American Pie

Dylan’s lyrics thundered in his head like crashing waves, without mercy. He understood the words. He liked them. He didn’t want to accept that they applied to him. No, he was above such things. Wasn’t he? Or perhaps he was too proud? More likely, he was just afraid. If he did get out of this new world, where would he go? What would he find? How would he live?

His eyes glanced back to the sign in front of his car. It was simple enough. To pay for his parking spot all he had to do was use the app as instructed. Shaking his head, he looked away. It wasn’t simple at all.

He didn’t have a smartphone. He’d never wanted to be so tethered to other people and technology like that. He liked his freedom. He didn’t need a computer in his pocket all the time. The world was entertainment enough. He enjoyed the right here, the right now, the real world around him rather than the digital world so many others partook in.

It had been easy in the beginning. Only a few people had them and he hadn’t felt left out or behind at all. He had marked the change over the years. Sometimes it had been subtle and other times it had been dramatic. By the time everyone else in his life had a smartphone, he had grown used to navigating the world, the dark desert highways and the crowded city streets, without one and saw no reason to change.

Shifting his gaze, he watched the wind-whipped white caps frothing as the endless roll of waves crept higher and higher up the beach. The tide was coming in. Soon those breakers would be perfect for swimming. The wind had kept almost everyone else away so he’d have his pick of waves to ride and then sand to stretch out on. He’d been looking forward to it all morning.

Feeling the power of the tide push and pull against his body while the sun warmed his head and shoulders was one of his favorite experiences. It helped ground him when he was feeling too disconnected from the world. It helped free him of stress before it all got to be too much and he had to hang down his head and cry.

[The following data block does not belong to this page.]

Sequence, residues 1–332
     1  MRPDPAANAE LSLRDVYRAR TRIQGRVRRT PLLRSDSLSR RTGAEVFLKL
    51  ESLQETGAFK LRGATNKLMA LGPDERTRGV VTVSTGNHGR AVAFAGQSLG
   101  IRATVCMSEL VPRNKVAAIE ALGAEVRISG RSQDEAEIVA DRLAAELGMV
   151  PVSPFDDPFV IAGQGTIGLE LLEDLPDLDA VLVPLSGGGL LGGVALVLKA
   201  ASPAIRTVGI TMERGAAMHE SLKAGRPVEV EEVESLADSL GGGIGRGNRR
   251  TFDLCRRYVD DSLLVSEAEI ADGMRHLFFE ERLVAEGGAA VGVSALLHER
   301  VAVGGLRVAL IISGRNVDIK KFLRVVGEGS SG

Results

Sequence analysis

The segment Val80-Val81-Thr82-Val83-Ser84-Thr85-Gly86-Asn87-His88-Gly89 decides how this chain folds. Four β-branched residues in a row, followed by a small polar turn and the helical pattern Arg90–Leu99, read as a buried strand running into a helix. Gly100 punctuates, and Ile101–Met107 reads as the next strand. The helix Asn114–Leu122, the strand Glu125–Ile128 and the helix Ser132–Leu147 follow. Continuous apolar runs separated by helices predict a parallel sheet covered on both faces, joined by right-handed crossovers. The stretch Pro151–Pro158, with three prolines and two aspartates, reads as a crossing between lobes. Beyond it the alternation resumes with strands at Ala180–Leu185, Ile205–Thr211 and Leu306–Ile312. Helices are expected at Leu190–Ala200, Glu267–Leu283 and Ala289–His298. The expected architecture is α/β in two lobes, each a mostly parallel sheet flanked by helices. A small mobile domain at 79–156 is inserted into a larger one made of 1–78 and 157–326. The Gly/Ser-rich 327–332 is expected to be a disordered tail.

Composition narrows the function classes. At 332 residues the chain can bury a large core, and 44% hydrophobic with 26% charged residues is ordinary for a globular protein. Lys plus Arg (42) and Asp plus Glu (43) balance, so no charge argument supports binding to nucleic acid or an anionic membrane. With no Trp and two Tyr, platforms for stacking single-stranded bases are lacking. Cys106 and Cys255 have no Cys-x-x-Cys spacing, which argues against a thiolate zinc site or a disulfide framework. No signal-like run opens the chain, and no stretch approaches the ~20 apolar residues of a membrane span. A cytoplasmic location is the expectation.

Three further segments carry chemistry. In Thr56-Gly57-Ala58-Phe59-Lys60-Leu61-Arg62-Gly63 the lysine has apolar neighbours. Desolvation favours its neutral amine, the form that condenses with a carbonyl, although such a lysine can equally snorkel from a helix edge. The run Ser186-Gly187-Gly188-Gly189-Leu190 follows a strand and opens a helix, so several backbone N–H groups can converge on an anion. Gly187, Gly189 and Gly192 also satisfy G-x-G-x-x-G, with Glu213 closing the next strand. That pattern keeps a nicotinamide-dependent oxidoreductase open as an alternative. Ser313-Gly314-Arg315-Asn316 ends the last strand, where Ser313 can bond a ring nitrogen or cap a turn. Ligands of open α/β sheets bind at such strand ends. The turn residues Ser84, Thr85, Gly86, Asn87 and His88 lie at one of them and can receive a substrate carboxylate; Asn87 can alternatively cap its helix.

In general, nature had always acted as a reset button for his mind. The beach was closest to his house but he loved the high peaks and the low valleys, the empty swaths of desert, the rocky crags of ancient volcanic fields, and on and on. Anywhere he could get away from the norms of life and just breathe in peace was where he felt his best.

He’d found his way to the beach a lot recently. It wasn’t like he’d been on a surfing safari, his stress had been rising faster than normal. The beach worked its magic just fine but then he’d wake with his jaw clenched and that nagging at the back of his mind that he needed an outlet again. He couldn’t quite pinpoint why that was. There was too much change swirling all around him every day for him to say which one thing was bothering him the most.

Yet, more and more he was running into these obstacles. Nature was right in front of him. A miles-long stretch of beach that he couldn’t enjoy unless he had a smartphone, had the app, had a credit card associated with his account, and and and...

With a sigh and a frown, he turned the key in the ignition, backed out, and left the dirt parking lot behind, the ocean glistening temptingly, invitingly, in his rear-view mirror. The radio blasted some ditty about Jack and Diane. He tuned out their story, though. There was no room in his mind for them.

The week before, he had turned away at the entrance to one of his favorite parks. He had made the long, hot, winding drive out there only to find they too now required an app. He had to reserve electronically through his phone, check-in electronically, and pay electronically. He’d turned his back on the mountains and driven away in disbelief and disgust.